Amy gives this some thought. “Not necessarily. I saw him get really mad last week when a vole when to ground. It was kind of funny, actually.”

“Right,” I note, “so what else do you observe when Max is mousing?”

“He’s usually alone … and he seems to be having fun.”

“Okay, so in his solitude he knows how to entertain himself. He’s enjoying the journey of being a cat, notwithstanding it can have its moments of disappointment. He doesn’t need a cheering section. Doesn’t call in the troops for help when he’s zeroed in on his next meal. He’s resourceful on his own terms.”

“I guess …” Amy’s noodling again. “Some people don’t like that cats kill things.”

“That’s a topic for another day, sweetie. Cats are hunters and they kill things to feed themselves.” I sip tea and put this behind me. I get particularly impatient with people who don’t understand the laws of nature and always wish to bend it to their will. Take a breath. “Do you see what I’m getting at about being okay being alone, though?”

“Yeah, I think so.” She dunks her ginger snap again. “I’m alone a lot actually, and I don’t mind it most of the time. But sometimes I’d like more company. My school friends always seem to be having a good time without me and sometimes I wonder why I’m left out.” She takes a sip of steaming tea. My thoughts drift back to a recent conversation about her not being invited to a sleepover and how this had devastated her at the time. “But most of the time I’m okay with it. They get into trouble a lot. I don’t need that.”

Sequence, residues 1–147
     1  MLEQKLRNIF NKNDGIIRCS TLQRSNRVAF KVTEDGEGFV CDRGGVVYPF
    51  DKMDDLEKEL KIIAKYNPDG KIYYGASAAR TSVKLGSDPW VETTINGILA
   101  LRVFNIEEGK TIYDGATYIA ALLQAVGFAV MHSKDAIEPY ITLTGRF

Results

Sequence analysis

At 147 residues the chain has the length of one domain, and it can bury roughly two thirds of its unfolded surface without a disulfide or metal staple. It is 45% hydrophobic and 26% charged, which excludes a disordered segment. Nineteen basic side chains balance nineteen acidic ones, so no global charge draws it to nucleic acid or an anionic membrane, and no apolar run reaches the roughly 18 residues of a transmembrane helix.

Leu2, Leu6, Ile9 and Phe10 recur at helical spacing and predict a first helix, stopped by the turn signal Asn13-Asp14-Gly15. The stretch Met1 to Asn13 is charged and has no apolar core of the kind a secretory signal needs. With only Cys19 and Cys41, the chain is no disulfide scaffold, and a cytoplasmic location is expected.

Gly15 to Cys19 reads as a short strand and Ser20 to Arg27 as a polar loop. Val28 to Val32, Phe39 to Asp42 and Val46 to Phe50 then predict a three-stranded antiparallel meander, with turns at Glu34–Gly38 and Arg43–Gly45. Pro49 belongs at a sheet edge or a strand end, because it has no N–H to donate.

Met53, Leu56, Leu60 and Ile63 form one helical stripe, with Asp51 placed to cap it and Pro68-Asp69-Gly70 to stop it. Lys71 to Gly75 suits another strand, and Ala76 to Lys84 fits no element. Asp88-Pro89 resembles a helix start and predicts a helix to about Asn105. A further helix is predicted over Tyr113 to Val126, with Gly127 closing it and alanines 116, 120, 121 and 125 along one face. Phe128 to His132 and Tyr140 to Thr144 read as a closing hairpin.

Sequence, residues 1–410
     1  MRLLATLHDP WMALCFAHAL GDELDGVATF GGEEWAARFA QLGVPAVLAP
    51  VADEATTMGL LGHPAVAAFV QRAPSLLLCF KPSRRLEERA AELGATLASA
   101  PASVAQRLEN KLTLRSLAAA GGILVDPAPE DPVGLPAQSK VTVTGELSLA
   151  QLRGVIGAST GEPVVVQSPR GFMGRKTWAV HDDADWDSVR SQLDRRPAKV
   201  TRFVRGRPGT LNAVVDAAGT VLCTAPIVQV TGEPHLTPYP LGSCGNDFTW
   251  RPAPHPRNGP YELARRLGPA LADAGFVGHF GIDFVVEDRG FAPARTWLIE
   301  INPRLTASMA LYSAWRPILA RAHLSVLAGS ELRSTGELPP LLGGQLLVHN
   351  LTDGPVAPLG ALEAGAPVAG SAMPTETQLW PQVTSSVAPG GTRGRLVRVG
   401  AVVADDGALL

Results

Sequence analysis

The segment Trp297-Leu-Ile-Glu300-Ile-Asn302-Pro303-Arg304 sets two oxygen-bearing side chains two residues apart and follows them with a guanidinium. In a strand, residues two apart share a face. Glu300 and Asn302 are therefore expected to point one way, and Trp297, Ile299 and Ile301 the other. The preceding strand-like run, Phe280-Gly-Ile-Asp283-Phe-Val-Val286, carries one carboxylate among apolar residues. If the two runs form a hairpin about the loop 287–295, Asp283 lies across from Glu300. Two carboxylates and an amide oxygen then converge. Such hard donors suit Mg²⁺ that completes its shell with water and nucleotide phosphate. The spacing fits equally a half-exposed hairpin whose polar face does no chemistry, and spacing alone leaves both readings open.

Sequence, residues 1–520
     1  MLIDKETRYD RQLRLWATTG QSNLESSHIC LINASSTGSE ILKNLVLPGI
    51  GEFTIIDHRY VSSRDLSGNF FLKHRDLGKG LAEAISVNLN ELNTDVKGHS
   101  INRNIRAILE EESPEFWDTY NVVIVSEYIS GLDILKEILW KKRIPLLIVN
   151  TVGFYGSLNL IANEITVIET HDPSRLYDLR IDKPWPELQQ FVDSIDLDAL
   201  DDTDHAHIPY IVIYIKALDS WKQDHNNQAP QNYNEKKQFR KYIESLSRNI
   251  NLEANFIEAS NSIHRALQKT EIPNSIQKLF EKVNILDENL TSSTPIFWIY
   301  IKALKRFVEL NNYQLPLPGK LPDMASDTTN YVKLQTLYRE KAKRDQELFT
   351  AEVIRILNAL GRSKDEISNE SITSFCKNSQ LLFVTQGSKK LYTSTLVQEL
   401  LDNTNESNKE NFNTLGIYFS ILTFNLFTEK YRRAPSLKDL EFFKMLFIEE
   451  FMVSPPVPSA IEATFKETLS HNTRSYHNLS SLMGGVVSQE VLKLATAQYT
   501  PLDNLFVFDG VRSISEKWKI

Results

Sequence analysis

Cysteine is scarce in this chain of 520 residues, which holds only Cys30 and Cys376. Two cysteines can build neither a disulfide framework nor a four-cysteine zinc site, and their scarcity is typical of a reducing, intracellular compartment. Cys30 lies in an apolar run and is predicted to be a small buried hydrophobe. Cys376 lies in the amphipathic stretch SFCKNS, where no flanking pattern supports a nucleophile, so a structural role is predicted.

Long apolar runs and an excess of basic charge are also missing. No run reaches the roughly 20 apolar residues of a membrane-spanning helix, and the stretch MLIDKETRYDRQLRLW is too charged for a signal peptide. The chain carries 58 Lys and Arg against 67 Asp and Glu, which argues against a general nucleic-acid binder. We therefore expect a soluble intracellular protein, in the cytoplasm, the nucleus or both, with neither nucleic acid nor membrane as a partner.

“You’re a smart cookie,” I toast her with my tea cup and take a sip. “My mother always said that when the crowd goes one way, you go the other. It’s advice that’s always worked well for me. And in its way,” I stop and consider for a moment, “it really speaks to this idea of being comfortable being alone. As long as you can enjoy your own company, you need never feel compelled to run with a questionable crowd.”

“So, it’s okay not to be surrounded by people all the time?” Amy muses. “My friends think that if you’re alone you must be a loser.”

Friends, so-called. “That’s the crowd, honey. What do you think?”

“I think I’d rather learn to enjoy my own company.”

“That’s my girl!” I smile and take a final sip of tea. “Knowing how to live in solitude will always stand you in good stead. Then you have a choice, you see? You can be with people, or not, and be completely happy either way. So many people don’t understand this. I didn’t for a long time, and I was always anxious or worried that no one wanted me around. When I finally accepted it was okay to be alone and enjoyed it, it was amazing how fast new, good friends started to show up.” I get up from the table and walk around to give Amy’s shoulders a squeeze and whisper in her ear. “Never worry about being alone. Solitude is your friend.”

“That tickles!” she giggles.

“I know … Now, finish up. Time to feed the felines.”

~*~

©Dorothy Chiotti … All Rights Reserved 2016

Daily Prompt: Solitude

Buying Time

 

fwfprompt

~*~

“Matyas, what are you doing?”

“Playing Liszt on a sad, old piano,” replied Matyas as he fumbled over the bass clef of an abandoned, battle-bruised upright.

“But, we are in the midst of battle.”

“I play anyway.” He culled from memory the patterns of finger play for the opening bars of the Hungarian Rhapsody. His lately unpracticed, nerve-frayed hands poking at the ivories with determination.

“You will alert the enemy.”